African Bishops Challenge Their Colleagues

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Parishioners sing during Sunday worship at Charles Davies United Methodist Church in Freetown, Sierra Leone. A UMNS photo by Mike DuBose.

By Walter Fenton-

Six months before United Methodists from all around the globe gather in Portland for the 2016 General Conference, the bishops in Africa released a statement calling on all UM bishops to fulfill “their shepherding responsibility (1 Peter 5:2-4)” regarding the church’s teachings on marriage and sexuality. The November 3 statement – also addressing church unity and terrorism – was released during the Council of Bishops’ fall retreat in Lake Junaluska, North Carolina.

“Over the past four decades, … we have watched with shock and dismay the rapid drift of our denomination … to a warm embrace of practices that have become sources of conflict that now threatens to rip the Church apart and distract her from the mission of leading persons to faith and making disciples of Jesus Christ for the transformation of the world,” the African bishops stated in regard to the ongoing debate over marriage and sexuality within the United Methodist Church.

“We are deeply saddened that the Holy Bible … and our Book of Discipline are being grossly ignored by some members and leaders of our Church in favor of social and cultural practices that have no scriptural basis for acceptance in Christian worship and conduct. Yet they continue to attempt to persuade members of the Church to incorporate these practices as an accepted code of conduct within global United Methodism.”

In their plea for unity, the African bishops stated that there are “far more important issues that unite us than issues of sexual orientation” such as being in solidarity with those who “suffer as a result of unjust political systems, wars, famine, poverty, natural disasters, diseases, illiteracy, etc.”

At the same time, the bishops called for an “unreserved commitment to the Holy Bible as the primary authority for faith and practice in the church” and reaffirmed that “sexual relations are affirmed only within the covenant bond of a faithful monogamous, heterosexual marriage, and not within same-sex unions or polygamy.”

“The Christian marriage covenant is holy, sacred, and consecrated by God and is expressed in shared fidelity between one man and one woman for life,” wrote the bishops. “In this vein, we denounce all forms of sexual exploitation, including fornication, adultery, sexual commercialization, slavery, abuse, polygamy, etc.”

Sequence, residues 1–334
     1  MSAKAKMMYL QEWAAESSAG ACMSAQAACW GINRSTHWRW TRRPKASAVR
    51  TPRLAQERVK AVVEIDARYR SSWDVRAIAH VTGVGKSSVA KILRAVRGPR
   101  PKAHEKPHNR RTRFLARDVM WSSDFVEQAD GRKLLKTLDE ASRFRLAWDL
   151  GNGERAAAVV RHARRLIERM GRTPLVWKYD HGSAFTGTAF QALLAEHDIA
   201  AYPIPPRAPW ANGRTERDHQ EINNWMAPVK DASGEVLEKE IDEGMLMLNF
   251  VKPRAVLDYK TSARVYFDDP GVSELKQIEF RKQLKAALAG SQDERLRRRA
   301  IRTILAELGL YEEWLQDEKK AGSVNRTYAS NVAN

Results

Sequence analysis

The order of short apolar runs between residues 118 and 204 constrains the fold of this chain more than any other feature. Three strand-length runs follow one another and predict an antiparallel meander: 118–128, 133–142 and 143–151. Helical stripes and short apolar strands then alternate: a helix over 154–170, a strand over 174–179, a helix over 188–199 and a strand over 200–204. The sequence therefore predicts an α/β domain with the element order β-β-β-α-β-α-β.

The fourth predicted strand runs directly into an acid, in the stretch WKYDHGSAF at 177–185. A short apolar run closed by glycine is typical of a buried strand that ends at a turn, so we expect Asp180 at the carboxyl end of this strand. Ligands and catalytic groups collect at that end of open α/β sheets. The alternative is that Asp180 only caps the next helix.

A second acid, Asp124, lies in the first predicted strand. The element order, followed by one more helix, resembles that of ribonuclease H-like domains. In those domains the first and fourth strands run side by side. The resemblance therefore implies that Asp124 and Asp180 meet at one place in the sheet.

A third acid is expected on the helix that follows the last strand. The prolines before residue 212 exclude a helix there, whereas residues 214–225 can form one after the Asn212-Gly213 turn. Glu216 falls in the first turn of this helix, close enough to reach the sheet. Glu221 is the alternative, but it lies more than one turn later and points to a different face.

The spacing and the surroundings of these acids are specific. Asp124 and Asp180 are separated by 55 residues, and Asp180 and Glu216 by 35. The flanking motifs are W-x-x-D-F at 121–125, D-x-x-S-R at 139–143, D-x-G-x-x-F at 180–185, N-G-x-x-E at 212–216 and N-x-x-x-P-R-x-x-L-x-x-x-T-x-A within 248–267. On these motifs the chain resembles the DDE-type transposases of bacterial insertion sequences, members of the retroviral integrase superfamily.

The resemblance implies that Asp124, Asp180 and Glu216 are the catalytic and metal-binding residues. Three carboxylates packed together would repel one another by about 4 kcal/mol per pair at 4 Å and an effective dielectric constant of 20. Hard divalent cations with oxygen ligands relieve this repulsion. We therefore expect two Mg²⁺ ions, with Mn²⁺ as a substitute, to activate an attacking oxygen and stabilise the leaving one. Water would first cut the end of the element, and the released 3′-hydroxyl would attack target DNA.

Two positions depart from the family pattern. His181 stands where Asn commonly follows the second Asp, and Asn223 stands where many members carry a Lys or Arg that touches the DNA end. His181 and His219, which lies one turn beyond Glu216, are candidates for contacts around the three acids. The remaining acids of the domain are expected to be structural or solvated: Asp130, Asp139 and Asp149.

International terrorism

The 1,300-word statement also called attention to the atrocities and destruction committed by terrorists in Africa and throughout the world. It specifically named Boko Haram, Al-Shabab, and ISIS as terrorist groups responsible for the murder, abduction, and displacement of thousands of people throughout Africa and the Middle East.

“In recent months, the world has watched with shock and dismay the massive human rights abuses against innocent, helpless and defenseless families, especially women and children, and the horrible refugee crisis that has engulfed and overwhelmed parts of Europe and Africa, with no permanent solution in sight,” wrote the African bishops. “This crisis is no doubt the result of the ongoing bloody and brutal civil war in Syria, the ISIS insurgency across parts of Europe, as well as the Boko Haram and Al-Shabab insurgencies in parts of Africa.

“Young men and women are being manipulated to carry out suicide bombings in order to destroy innocent lives and property. The Al-Shabab also continues to unleash untold havoc against innocent civilians in Somalia, Kenya, and other parts of Africa,” the statement reports. “As a consequence of these crises, thousands of families have been ripped away from their homes and made homeless. Thousands of others have died from starvation, disease, lack of shelter, and crossfire bombing and shooting between warring factions.”

The African bishops called upon the “United Nations and our political leaders in Africa to do all that lies within their power to restore peace and tranquility. We will continue to pray to Almighty God for his divine intervention while we pursue some practical ways to pursue the path of peace and unity….”

The College of African Bishops said they crafted their statement in September while meeting at Victoria Falls in Zimbabwe. The statement was ultimately adopted and signed by 14 African bishops (all 13 active and one retired) in order to draw United Methodist attention to the “stark realities of needless suffering and pain in our world as a result of current Global terrorism, unjust political systems and the manipulation of weaker nations by world powers; and to work together as a church to usher in God’s reign of peace, justice and freedom to all.”

United Methodists across the connection will surely join the bishops in deploring the violence and suffering caused by terrorists. But their statement and recommendations to their episcopal colleagues regarding marriage and sexuality will undoubtedly stir controversy in a church quickly nearing membership parity between Africa and the U.S.